What to expect when installing new floors and what you need to do to prevent disasters.

What happens when you have an already furnished home and need to have your floor replaced? What are the responsibilities of the contractor and what aspects is the homeowner liable for? In projects that involve already furnished homes, you should know what to expect when installing new floors.

Everything will need to be moved if possible

You are usually responsible for ensuring that the room is ready for the installation, so you will need to have your furniture removed from whatever room is receiving the new floor. For larger multi-room projects, many contractors will recommend that their clients rent a storage space temporarily, rather just moving the furniture into another part of the home (unless of course you have a spare room) to reduce the risk of damage.

What if the furniture cannot be moved from the room?

In some cases furniture cannot be removed from the room.  This is often seen in situations where the furniture was actually assembled in the room, because it would never have fit through the room’s doors. A similar challenge involves fixtures that are permanently fixed the room (such as a kitchen island). In these cases, you will need move any movable furniture to the wall closest to the exiting door. In the absence of any special circumstances, flooring contractors most often work from the furthest point in the room towards the exiting door. You will have to move the furniture again once the contractor is ready to floor that section of the room.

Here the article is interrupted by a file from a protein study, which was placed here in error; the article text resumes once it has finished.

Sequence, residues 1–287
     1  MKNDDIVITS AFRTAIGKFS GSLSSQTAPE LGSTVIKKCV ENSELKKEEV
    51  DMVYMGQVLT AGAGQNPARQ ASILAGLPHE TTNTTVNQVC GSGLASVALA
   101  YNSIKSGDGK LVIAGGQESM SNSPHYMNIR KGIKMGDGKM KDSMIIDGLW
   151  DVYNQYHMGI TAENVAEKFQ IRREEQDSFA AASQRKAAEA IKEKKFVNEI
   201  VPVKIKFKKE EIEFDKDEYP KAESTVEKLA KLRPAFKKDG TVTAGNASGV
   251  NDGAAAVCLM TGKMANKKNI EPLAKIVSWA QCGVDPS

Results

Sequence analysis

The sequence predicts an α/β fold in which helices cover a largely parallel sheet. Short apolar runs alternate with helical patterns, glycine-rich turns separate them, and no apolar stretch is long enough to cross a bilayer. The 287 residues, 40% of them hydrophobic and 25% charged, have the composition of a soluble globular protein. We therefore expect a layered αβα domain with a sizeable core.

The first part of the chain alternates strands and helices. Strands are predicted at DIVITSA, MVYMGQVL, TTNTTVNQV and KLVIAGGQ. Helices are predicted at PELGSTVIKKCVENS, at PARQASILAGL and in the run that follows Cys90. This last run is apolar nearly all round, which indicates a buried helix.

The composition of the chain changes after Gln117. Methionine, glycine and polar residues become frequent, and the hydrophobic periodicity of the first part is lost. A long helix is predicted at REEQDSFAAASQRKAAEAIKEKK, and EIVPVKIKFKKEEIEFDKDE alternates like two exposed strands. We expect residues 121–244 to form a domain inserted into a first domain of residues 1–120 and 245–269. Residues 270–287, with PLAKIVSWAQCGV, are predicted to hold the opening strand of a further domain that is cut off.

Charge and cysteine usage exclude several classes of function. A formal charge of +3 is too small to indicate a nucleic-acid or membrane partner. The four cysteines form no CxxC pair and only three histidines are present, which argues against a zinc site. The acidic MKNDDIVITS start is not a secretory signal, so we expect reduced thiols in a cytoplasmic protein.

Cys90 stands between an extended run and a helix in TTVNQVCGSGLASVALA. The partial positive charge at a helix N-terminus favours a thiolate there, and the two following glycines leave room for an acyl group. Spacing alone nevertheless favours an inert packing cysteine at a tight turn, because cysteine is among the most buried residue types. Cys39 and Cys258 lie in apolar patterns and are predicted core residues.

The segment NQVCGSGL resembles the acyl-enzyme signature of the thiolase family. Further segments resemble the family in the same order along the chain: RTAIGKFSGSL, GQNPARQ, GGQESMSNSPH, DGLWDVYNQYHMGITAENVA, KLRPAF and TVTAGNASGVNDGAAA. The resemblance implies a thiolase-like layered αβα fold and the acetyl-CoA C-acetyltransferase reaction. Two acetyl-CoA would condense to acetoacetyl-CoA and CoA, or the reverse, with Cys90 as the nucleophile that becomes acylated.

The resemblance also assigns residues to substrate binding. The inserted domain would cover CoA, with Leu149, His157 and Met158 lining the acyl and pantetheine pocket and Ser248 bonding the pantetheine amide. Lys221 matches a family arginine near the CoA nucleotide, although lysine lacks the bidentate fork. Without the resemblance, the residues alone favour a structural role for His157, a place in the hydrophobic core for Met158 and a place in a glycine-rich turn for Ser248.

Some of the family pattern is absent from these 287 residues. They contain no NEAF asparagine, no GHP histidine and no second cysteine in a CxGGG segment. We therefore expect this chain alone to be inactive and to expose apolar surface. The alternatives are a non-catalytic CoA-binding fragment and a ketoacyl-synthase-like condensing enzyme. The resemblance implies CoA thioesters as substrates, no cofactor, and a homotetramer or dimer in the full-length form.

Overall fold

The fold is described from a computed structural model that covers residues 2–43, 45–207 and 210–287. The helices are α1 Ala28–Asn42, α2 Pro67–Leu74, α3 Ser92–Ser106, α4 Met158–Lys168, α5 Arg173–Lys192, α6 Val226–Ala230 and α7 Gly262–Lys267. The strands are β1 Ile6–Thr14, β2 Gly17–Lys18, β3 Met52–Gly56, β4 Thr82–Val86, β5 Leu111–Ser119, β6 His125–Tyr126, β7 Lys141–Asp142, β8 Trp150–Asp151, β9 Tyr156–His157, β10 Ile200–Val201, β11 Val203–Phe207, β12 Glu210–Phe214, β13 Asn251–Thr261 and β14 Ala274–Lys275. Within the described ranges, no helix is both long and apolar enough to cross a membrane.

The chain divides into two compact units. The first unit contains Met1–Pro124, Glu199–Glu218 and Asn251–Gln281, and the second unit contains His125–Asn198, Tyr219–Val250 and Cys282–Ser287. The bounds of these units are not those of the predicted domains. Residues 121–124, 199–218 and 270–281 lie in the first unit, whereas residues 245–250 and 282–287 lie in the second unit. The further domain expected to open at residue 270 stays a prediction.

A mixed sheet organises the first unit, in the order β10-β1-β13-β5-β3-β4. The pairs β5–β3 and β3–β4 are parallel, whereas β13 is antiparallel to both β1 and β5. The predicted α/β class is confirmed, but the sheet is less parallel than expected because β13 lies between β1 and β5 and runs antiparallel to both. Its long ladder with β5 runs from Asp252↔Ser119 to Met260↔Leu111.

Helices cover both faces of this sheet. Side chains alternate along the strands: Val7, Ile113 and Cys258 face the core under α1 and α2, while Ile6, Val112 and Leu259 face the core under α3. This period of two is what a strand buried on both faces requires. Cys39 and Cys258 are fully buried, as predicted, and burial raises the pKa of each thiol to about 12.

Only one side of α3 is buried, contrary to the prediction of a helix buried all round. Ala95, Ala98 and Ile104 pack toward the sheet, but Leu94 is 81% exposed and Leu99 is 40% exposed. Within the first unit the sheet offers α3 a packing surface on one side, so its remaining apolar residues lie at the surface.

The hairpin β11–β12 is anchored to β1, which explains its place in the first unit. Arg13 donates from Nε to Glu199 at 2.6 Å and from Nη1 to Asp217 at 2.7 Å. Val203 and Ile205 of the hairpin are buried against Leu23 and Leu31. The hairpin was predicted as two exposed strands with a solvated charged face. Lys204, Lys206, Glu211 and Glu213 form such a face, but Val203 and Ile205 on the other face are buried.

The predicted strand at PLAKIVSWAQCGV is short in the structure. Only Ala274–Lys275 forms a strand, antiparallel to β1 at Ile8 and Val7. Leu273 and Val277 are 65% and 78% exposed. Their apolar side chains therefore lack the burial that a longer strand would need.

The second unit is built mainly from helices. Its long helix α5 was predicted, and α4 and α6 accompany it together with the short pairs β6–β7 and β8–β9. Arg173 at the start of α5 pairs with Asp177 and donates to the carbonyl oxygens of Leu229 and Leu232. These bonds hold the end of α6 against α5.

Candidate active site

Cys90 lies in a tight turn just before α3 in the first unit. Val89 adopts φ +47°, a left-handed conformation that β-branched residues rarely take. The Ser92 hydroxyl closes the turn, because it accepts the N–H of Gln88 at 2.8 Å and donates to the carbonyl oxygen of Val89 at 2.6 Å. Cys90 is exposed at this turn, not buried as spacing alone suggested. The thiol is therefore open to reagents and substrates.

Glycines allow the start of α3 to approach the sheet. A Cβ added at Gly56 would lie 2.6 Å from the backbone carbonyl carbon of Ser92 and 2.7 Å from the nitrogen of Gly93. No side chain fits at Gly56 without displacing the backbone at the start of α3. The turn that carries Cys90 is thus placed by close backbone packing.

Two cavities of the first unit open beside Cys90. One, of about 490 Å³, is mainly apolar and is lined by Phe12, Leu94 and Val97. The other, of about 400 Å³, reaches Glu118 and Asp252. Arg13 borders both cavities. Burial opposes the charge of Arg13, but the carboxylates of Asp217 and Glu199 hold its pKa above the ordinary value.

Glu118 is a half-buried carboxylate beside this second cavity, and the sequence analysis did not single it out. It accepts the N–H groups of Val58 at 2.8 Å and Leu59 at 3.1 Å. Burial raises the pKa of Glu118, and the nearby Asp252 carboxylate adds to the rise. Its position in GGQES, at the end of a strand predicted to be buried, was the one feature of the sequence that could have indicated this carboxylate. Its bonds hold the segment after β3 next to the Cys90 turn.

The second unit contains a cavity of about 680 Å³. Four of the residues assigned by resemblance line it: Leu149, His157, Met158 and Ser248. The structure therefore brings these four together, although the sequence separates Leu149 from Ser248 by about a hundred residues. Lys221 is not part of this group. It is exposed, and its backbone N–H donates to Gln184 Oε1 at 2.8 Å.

Note: Most flooring contractors will tell you that It is not advised to use carpet in rooms where furniture cannot be completely removed.  This is great advice, because these immovable objects will require you to make additional seams or may cause other problems, such as rippling in the wall-to-wall carpeting. Hard flooring is advised.

Cutting edges

For fixtures that are permanently fixed to the room, the contractor will have to cut the flooring so that it fits tightly around the object. It is important that the contractor explains the intended direction of the tile or flooring so that you can visualize how the cuts will correspond to the furnishings. Homeowners and contractors should also discuss the use of clear weatherproof sealant around the edges of the furnishings in order to prevent damage to the subflooring.

Cover it up and have them clean as they go

With any floor project, you will want to ensure that the least amount of damage occurs to the homeowner’s property (including your newly installed floors). Cover all objects in the room with a sheet or similar measure to keep particles from settling upon them. Glass structures (such as windows on a fixed China Hutch) should be covered with bubble wrap as a preventive measure.

Since you have furnishings in the room, it is best that the area be cleaned daily to prevent buildup of potentially damaging debris. This will also reduce the amount of sawdust and such, which can become an airborne nuisance.

Check the contractor’s insurance and liability options

Finally, when you are having a new floor installed in an already furnished room, you need to check the contractor’s insurance and liability options. Many contractors have a level of liability which will be covered should your furnishings be damaged during the installation. Other companies offer a level of insurance for your furnishings and fixtures. However, most of these companies do not cover replacement costs for “preventable” damages. Be sure that all parties have a thorough understanding of who is responsible for what property and which aspects of the project.

Featured Photo Credit: David Goshorn via Compfight cc


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